A co-founder of the League Group of companies has riled League investors after sending some of them a letter claiming “all of us are in this together.”
Emanuel Arruda, who in November was ordered by the court to be removed from League’s senior management along with chief executive and co-founder Adam Gant, has penned a letter to some of the 4,200 investors who could lose as much as $370 million when League completes restructuring under the Companies Creditors Arrangement Act.
In his lengthy letter obtained by the Times Colonist, Arruda said he is in the same boat as investors and, in fact, has been “rendered effectively homeless” by the process.
“I’m truly sorry and distressed that your investment is tied up in this CCAA process. While it likely won’t make you feel any better, I felt it important that you know mine is too,” he wrote, noting he invested the bulk of his savings in League’s IGW real estate investment trust and smaller amounts in other League investment vehicles.
Arruda said he also used two personal lines of credit to borrow $150,000 to invest in League, and used a $45,000 bank overdraft to lend money to League when it faced financial difficulty.
“I believed in our investments and our mission as much as you did,” he wrote. “My own investment choices speak volumes about my intentions and expected outcomes for League and its investments, and my character.”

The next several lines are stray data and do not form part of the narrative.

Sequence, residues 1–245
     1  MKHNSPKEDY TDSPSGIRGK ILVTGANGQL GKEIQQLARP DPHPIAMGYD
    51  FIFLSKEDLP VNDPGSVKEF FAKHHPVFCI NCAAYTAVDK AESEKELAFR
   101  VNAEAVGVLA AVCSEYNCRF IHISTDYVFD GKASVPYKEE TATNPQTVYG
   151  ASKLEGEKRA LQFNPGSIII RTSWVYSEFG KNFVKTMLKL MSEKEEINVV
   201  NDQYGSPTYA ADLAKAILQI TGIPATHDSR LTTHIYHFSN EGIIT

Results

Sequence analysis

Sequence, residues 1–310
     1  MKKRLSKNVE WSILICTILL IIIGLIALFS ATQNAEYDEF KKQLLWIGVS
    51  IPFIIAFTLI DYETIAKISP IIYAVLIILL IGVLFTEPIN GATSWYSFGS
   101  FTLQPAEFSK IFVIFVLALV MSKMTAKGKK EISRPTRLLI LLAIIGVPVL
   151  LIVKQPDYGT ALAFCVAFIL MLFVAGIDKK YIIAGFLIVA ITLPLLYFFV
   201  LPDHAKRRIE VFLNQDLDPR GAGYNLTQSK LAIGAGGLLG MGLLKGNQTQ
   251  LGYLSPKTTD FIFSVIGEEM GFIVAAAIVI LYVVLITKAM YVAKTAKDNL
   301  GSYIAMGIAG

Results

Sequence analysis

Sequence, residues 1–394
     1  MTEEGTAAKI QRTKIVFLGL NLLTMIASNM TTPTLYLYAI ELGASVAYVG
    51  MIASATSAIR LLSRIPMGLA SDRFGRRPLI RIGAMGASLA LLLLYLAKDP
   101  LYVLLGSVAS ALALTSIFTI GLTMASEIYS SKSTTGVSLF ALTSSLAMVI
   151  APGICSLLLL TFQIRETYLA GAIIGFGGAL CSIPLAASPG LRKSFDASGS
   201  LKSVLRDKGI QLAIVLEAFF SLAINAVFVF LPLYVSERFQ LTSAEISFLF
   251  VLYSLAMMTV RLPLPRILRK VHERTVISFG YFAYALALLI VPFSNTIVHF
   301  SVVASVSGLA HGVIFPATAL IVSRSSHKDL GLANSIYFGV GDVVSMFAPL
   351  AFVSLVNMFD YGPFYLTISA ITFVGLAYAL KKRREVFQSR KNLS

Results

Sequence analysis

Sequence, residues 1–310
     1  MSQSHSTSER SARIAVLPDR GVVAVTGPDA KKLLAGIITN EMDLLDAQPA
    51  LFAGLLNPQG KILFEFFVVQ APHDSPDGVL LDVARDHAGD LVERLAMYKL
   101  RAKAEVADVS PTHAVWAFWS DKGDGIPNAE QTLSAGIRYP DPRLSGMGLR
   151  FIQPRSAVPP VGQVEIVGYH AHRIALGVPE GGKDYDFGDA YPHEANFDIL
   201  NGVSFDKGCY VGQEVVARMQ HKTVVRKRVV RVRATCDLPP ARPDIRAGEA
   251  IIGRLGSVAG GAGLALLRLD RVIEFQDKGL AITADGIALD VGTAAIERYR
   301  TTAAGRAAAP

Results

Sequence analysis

The letter has been dismissed by some investors who said it was difficult to read.
Arruda did not respond to questions from the Times Colonist.
PricewaterhouseCoopers, the monitor overseeing League’s restructuring, said the investor group is expected to lose most if not all of the $370 million they invested. The monitor said League owes $186 million in mortgages to 26 secured lenders and has 460 trade creditors, considered unsecured lenders, owed $19.5 million.
In his letter, Arruda said he and fellow League founder Adam Gant personally guaranteed commercial loans to secure financing for company projects. He said that because lenders have secured judgments on their personal residences, he has been unable to sell his home to pay down his debts.
“I handed the keys to my apartment over to a tenant who will pay my mortgage for at least the next year. Rendered effectively homeless, I am now staying in a friend’s spare room,” he said.
This week, League made restructuring progress with four properties now subject to pending sales agreements that have a combined listed value of $25.85 million. The properties are in Ottawa, Vernon, Langley and Stettler, Alta.
The company is trying to sell 11 of its 22 properties by June 28 to satisfy secured lenders who are owed $186 million. Total sales are not expected to fetch that price.
Eight of the 11 properties for sale have been listed for a total of $74 million, while the three others are listed without a price to let the market determine their value. Of the remaining 11 properties, three have sold, two have been handed back to the lenders who held security on them, three are being held off the market in the hope their value will increase, and three others, including Capital City Centre in Colwood, are not being sold.
Of League’s Victoria properties, 736 Broughton St. remains listed at $4.15 million, while the Residences at Quadra Village has a reduced asking price of $12.5 million, down from $14.1 million.